- How to attract: Attract praying mantis to your garden by offering hiding places like tall grasses and shrubbery.
- How to attract: Adults are attracted to flowers such as red clover, thistle and milkweed.
- General info: Praying mantis are carnivorous insects that provide a major natural service to your garden by dining on just about any insect that they come in contact with. They use their spiked front legs and fast reflexes to catch insects as they crawl or fly by. Be careful though, as they will often eat other beneficial insects too. Female mantis lay their eggs on twigs, branches and other hard surfaces. Eggs are surrounded by a hard egg case that's about the size of cigarette filter. The following spring, they will hatch and be ready to eat insect pests almost immediately.
Slugs - Harmful
- Found: Slugs feed on the foliage and fruit of garden plants. They are particularly fond of low-growing leafy greens and ripe fruit.
- Effects on crops: Slugs chew holes in plant foliage and fruit, sometimes causing extensive damage.
- How to treat: Iron phosphate baits will work as a poison to slugs and are approved for organic gardening. Non-organic gardening metaldehyde baits will also kill slugs. Homemade beer-baited traps buried at ground level may also attract and catch slugs.
- General info: You’ll know you have a slug problem in your garden by the telltale slime trails leading to slug hiding places. When not chewing holes in plant foliage, slugs will usually be found hiding in damp, shady spots under rocks and along house foundations. Home gardeners generally wake up to see the damage left by slugs, but not the actual slugs themselves, as they're most active during the night. Even though they feed on plants just like many insects do, slugs are actually considered part of the mollusk family and are not true insects.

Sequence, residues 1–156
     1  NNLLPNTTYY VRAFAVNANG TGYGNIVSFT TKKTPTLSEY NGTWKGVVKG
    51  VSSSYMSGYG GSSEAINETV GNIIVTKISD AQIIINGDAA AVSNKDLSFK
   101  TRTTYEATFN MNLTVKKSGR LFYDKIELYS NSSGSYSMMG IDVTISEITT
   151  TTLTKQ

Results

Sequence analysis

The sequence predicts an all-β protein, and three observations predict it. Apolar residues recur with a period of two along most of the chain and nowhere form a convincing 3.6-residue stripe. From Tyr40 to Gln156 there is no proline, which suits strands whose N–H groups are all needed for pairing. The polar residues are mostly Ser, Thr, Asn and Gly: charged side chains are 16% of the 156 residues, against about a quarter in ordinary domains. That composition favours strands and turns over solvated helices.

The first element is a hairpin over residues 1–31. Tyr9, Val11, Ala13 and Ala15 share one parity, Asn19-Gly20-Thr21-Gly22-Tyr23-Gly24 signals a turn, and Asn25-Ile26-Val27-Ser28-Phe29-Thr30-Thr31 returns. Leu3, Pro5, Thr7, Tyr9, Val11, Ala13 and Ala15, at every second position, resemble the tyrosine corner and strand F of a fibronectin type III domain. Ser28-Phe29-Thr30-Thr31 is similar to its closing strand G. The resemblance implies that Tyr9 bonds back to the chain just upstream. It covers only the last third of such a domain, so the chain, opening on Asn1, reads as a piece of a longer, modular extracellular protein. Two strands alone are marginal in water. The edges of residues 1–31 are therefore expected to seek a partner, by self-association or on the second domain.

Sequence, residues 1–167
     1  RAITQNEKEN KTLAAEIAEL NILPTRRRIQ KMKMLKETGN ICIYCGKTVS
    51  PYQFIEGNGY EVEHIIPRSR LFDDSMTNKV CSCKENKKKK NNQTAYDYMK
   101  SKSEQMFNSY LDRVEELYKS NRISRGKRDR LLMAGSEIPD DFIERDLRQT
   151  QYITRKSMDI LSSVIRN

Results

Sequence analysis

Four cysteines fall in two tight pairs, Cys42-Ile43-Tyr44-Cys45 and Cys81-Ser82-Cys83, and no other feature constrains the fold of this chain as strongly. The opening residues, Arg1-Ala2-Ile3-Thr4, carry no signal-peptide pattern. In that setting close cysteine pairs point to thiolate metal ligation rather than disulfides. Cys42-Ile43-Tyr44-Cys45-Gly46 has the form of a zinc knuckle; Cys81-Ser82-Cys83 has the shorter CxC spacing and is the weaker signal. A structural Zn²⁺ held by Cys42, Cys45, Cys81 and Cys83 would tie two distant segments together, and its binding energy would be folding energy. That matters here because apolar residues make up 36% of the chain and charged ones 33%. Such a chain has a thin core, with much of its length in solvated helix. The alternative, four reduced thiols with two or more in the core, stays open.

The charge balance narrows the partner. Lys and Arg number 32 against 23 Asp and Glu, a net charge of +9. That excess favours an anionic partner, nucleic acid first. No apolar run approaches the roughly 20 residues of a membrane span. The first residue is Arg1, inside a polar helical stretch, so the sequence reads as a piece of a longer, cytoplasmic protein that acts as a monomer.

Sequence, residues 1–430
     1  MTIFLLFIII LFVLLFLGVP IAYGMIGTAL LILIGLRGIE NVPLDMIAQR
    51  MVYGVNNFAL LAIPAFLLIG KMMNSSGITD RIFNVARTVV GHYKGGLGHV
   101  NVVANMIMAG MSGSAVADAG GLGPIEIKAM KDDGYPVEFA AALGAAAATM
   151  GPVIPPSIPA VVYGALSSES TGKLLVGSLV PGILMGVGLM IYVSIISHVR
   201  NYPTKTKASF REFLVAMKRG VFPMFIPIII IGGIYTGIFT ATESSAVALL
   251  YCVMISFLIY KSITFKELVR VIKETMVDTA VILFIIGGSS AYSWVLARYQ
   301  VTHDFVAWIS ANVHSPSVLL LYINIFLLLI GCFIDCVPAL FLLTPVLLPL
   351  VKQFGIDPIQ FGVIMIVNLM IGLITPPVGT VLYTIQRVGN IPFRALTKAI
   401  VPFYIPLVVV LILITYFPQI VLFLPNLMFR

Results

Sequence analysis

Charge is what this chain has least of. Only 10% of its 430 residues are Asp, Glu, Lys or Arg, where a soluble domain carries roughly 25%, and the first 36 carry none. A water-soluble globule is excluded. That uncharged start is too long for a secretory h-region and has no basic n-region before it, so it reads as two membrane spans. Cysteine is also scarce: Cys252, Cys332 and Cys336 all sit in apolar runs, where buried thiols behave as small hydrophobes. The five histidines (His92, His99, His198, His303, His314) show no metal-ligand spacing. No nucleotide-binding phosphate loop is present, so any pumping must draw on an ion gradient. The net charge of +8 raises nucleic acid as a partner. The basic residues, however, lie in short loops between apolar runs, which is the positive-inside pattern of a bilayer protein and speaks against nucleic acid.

Snails - Harmful
- Found: Snails feed on the foliage, flowers and fruit of a large variety of garden plants including lettuce, strawberries and tomatoes.
- Effects on crops: Snails chew holes in plant foliage and fruit, sometimes causing extensive damage.
- How to treat: Iron phosphate baits will work as a poison to snails and are approved for organic gardening. Non-organic gardening metaldehyde baits will also kill snails. Homemade beer-baited traps buried at ground level may also attract and catch snails.
- General info: Snails are closely related to their equally destructive counterparts, slugs. Both snails and slugs are part of the mollusk family and the only major difference is that snails have an external spiral-shaped shell that they can completely retract into. Snails are most active at night or on cloudy days. You will know you have a snail problem in your garden by the chewed fruit and foliage and the slime trails that lead to the snail’s daytime hiding spots under rocks and along home foundations.
Spider Mite - Harmful
- Found: Spider mites are found on the underside of plant leaves. They will feed on a large variety of plants including fruits, vegetables, flowers, houseplants and trees.
- Effects on crops: Plants affected by spider mites will have leaf spotting and curling, and they may even lose leaves entirely.
- How to treat: Natural predators include lady beetles and green lacewing. Insecticidal soap, neem oil and pyrethrin sprays are approved for organic gardening will kill spider mites.
- General info: Spider mites are a type of tiny arachnid, and are not actually considered insects. They are so small that an individual spider mite cannot usually be seen by the naked eye. You will likely only know you have a spider mite problem when your plants begin to show signs of stress and you notice a fine webbing underneath plant leaves where many spider mites gather. Stressed plants are more susceptible to mite infestations, so keep water reservoirs full to encourage healthy, strong plant growth.
Squash Bug - Harmful
- Found: Squash bugs feed on the leaves, vines and fruits of vegetables in the cucurbit family like melons, pumpkins, cucumbers and squash.
- Effects on crops: Squash bugs simultaneously suck sap from plants while injecting a toxic substance back into the plant causing it to wilt. Leaves may become discolored and dry out, and in severe cases entire plants may die.